US pre-inspection, trialled at Shannon from 1986, was on its way, initially as pre-inspection for Immigration checks and later as pre-clearance to include Customs and Agriculture. The regulatory environment was favourable to new route development as Europe was moving towards a liberalised air transport market. following on from the US Airline Deregulation Act of 1978. An additional benefit for Dublin Airport is that transfer passengers do not increase pressure on surface access and car parks as both – in the absence of a rail link - face ongoing challenges.

Armed with extensive market research, including the annual, internally-conducted Facilities Survey, long-haul carriers were the initial target to progress the Hub at Dub promotion as Dublin already enjoyed an extensive short-haul network. Existing long-haul carriers were approached to align their schedules with the most appropriate short-haul connections. Dublin was not a "co-ordinated" airport at the time so considerable flexibility existed in terms of landing and take-off slots. Prospective long-haul carriers were approached to consider the financial benefits of commencing services and a Route Profitability Model developed by the marketing department demonstrated market potential.

From RTÉ Archives, Mícheál Ó Briain reports for RTÉ News on the opening of a new terminal at Dublin Airport in 1972

This initiative had marked success in changing mind-sets amongst the Dublin aviation and tourist communities that a more proactive approach to business development was being pursued, a stance more closely associated at the time with Shannon Airport. However, it faced several regulatory and economic challenges in significantly increasing transfer passenger numbers.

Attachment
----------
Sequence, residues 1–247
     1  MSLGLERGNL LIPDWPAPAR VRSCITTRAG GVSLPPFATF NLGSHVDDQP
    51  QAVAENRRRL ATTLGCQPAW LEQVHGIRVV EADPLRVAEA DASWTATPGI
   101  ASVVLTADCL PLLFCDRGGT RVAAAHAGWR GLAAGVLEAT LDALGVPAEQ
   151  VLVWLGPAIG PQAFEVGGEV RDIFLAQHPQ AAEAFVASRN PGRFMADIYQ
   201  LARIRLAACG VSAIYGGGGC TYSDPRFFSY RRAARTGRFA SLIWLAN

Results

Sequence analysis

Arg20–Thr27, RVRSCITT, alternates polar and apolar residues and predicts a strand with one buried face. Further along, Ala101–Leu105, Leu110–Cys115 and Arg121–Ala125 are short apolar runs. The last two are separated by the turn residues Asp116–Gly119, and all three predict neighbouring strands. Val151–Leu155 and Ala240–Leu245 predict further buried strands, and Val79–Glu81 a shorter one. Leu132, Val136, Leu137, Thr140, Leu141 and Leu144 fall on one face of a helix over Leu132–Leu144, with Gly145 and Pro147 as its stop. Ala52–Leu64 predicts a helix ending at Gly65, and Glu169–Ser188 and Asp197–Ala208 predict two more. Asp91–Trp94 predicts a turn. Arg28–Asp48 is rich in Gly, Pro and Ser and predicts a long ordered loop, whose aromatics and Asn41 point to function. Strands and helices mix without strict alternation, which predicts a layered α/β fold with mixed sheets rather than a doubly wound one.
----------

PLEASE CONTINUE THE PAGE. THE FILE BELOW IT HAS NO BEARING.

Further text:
On transatlantic routes, the Shannon Stopover was still in operation and a two-stop offering was unattractive to both passengers and airlines. Eastwards, the economic recession that gripped Japan in the 1990s and subsequently spread to South East Asia put paid to several discussions that had been commenced with prospective long-haul carriers (Japan Airlines and All Nippon Airways were early targets).

Fast-forward to 2018

Perhaps the most significant difference between then and now is scale. This is particularly so in terms of passenger numbers (30 million now versus five million then), terminal capacity (two terminals, including a dedicated transfer pier) and route network (Aer Lingus alone for example will be operating to 15 North American destinations from Dublin in Summer 2019, compared to three in the early 1990s). With the new Transfer Pier, plans by the DAA to invest €900 million in additional infrastructure, and EY projecting that some 24 percent of passengers could be connecting within 15 years, the future looks bright for this particular market segment. But the seeds were originally sown over a quarter of a century ago.

Dr Padraic Regan is Ussher Assistant Professor in International Strategic Management at Trinity College Dublin whose industry research focuses on Aviation Management


The views expressed here are those of the author and do not represent or reflect the views of RTÉ